Tuesday, February 21, 2012

The Check Up

So I went to my 6 week OB-GYN follow up today...while my mom babysat for me. Maneuvering the heavy infant carrier & a diaper bag etc. over a 1/2 mile of hospital terrain,etc. is not a feat I'm up to quite yet. And I was 15 min.late, which means that they couldn't fit me into their jampacked schedule for another hour. Since I've now reached the (advanced)age of 30(seriously,they said so) in addition to the scar check, they did the yearly check exam,etc. I didn't know that 30 was such a big deal(perhaps reproductively it is). The Csection scar is doing ok,still tender to the touch but these things take time to heal. And its been confirmed that,if I wanted to have any more kids it would have to be via Csection. (the reason for the C-Section dictates one's future in that regard) So really,you have to go through labor unsuccessfully before they'll "know" that said birth canal is too narrow,a concept I don't totally understand (why they can't predict that in some way,what with the probable trillions of births since the beginning of time). Some people have gone on to have vaginal births post C-Section, but it's my observations that many people just opt to have another C-Section. I've got nothing against C-Sections,as it pertains to the whole "Nature VS Medicine" thing...the point is,to get the child out,not to have some sort of religious experience,but it is true that docs really don't like you to have a vaginal birth after a section & will tell you that you have to have another C-Section unecessarily. Repeated C-Sections increase ones risk of uterine rupture(etc.) & at some number,(4?)hospitals refuse to do them,the risks are so high. I'll never be Michelle Duggar,but I don't like anyone telling me anything. And I don't think I'd want enough kids for that to even be an issue, but time will tell,in that regard.My problem with C-Sections are,they're painful/take very long to fully recover from,plus the baby doesn't get some "immunity" from the birth process. So what I don't quite understand is if it's physically impossible( I mean,the canal is supposed to accommodate &why it didn't I don't understand) or if the doc is just saying it because that's what OB-GYN's do. I need an impartial party to explain it to me, I guess.( like an L&D nurse)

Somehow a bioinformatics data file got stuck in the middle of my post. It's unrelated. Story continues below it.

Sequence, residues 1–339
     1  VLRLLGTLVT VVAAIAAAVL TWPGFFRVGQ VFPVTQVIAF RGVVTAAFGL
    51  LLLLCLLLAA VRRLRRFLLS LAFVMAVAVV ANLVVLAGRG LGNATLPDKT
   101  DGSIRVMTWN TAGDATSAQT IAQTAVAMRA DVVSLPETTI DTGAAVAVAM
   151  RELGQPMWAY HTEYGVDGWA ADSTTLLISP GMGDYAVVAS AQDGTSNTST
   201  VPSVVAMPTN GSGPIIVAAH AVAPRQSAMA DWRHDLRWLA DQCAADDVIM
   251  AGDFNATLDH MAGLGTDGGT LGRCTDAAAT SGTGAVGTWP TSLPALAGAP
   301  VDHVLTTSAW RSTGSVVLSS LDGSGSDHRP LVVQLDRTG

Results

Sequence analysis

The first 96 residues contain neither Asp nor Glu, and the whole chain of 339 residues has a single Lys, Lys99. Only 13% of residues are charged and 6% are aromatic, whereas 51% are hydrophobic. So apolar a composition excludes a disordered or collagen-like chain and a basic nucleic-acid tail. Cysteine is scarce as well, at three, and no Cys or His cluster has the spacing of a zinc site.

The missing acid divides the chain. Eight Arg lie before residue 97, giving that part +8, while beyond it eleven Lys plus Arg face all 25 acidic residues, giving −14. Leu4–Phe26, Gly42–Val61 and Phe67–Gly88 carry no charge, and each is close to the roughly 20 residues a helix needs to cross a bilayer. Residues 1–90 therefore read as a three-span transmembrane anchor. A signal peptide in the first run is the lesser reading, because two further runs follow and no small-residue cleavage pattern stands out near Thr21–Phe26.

As addicting as babies are,
I don't plan to repeat the experience for awIhile. Pregnancy was a time of great physical & mental stress & my brain needs healing,as well as my body. I ate,slept,& breathed guilt for 10 months & it didn't magically disappear the minute I delivered. I really appreciate the normal hum/drumness of being not pregnant now,& diabetes wise,my control got much better(funny how that happens,when you're supposed to be in great control DURING,not after). I am much more comfortable with taking huge amounts of insulin/prebolusing then I was pre-pregnancy,& I think that'll work to my advantage on the next a1c. I still have alot of conflicting feelings about said pregnancy..& I know that if I ever have any more,there are things that I'd do very differently. I think that having a baby in the NICU for even a minor reason makes you aware of how much worse things really could have been,& how grateful you are when they get out happy & healthy.And that's what it's all about,even at 3 am when they're crying to be fed & you're dead to the